Highway deaths decline in ‘09

Published 11:52 am Thursday, January 21, 2010

Despite an inauspicious start to 2010 with the death of two Gates County teens on Jan. 17, motor vehicle fatalities on Roanoke-Chowan area roadways were at their lowest point last year.

According to numbers provided by the North Carolina Highway Patrol’s Troop A, District II office in Ahoskie, there were 16 highway deaths in 2009, down from 20 in 2008.

The District II office covers Bertie, Gates and Hertford counties. As far as a county-by-county breakdown, Hertford County topped the list in the number of highway deaths with six. Bertie County and Gates County each experienced five deaths.

“While we would much rather experience a year where not a single person lost their life in a motor vehicle accident, it was encouraging to see a decline in the number of fatalities on our local roads in 2009,” said Troop A, District II First Sgt. Todd Lane.

The 2009 numbers translated into an 11 percent reduction in fatal collisions as well as 20 percent reduction in the number of fatalities as compared to 2008.

“It was the lowest number of fatalities in our district over the past decade,” Lane said.

Of the 16 individuals who lost their lives, exactly one-half (8) were not wearing any sort of restraint devices (seat belts/lap belts).

“We continue to stress the importance of seat belts,” First Sgt. Lane said. “Studies have shown that drivers and passengers who buckle up are less likely to be seriously injured or die as the result of a motor vehicle accident. We encourage motorists to use seat belts while a vehicle is being operated.”

Investigations into what caused last year’s fatal accidents revealed two major contributing factors – use of alcohol by the driver and overcorrecting/over steering the vehicle. Those factors were also present in the fatal accidents involving those under age 21 (five people in that age group lost their lives in local motor vehicle crashes last year).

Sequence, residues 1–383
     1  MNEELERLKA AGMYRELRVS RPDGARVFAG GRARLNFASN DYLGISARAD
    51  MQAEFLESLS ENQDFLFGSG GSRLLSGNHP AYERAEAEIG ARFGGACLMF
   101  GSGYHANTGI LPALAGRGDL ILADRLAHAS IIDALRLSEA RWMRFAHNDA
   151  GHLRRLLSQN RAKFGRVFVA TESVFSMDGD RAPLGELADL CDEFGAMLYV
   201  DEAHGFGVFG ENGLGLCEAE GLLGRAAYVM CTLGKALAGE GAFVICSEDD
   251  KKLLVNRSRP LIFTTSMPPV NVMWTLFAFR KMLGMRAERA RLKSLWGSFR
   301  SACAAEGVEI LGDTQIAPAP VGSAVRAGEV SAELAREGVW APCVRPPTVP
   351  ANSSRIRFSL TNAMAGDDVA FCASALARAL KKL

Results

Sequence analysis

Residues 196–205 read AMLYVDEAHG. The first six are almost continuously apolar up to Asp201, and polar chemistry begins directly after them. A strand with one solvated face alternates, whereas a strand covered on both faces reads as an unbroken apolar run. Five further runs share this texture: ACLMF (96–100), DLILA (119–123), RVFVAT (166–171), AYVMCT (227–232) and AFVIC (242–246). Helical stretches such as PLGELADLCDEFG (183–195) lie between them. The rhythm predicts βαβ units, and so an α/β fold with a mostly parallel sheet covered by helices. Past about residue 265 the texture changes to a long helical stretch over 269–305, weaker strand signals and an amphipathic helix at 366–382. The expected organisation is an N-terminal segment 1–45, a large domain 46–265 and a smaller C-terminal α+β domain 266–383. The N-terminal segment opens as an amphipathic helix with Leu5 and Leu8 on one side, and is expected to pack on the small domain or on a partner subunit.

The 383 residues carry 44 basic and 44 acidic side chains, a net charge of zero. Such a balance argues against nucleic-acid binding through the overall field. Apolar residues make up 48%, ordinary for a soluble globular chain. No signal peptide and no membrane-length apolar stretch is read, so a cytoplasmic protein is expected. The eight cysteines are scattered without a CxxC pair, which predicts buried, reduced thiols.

Lane also reported that 2009 saw a 19 percent increase in the number of DWI (Driving While Impaired) arrests in the three-county area. That increase came despite the fact that a weaker economy led to an overall decrease in the number of vehicles operating on local roads.

“We will continue with our efforts to make our highways safe by arresting the risk takers – those who choose to drink and drive,” Lane noted. “It’s a simple message that I will continue to deliver to those who consume alcohol – if choose to do so, that’s your business, but please think of innocent people that will be placed in harm’s way if you choose to operate a motor vehicle after consuming alcoholic beverages. Please don’t drink and drive. If you plan to drink, either pre-arrange to have a sober person drive you or stay where you are at until you are sober to operate a motor vehicle.”

Another point of emphasis by the Highway Patrol is educating young drivers. Lane said he and the troopers assigned to the District II office will continue their involvement in the Driver’s Education classes offered locally.

“We will continue our traffic safety information program, which includes our local involvement with Driver’s Ed classes,” he said. “We will continue to seek out new and innovative ways to address teen fatalities, which are on the rise.”

One approach is involving the parents of teen drivers.

“We cannot accomplish our goals without the help and support of parents,” Lane concluded. “We are asking them to discuss the dangers of driving under the influence and reckless driving with their children. We also ask them to discourage their children from talking on a cell phone or using a cell phone to send and/or receive text messages while driving, which is now against the law in North Carolina.”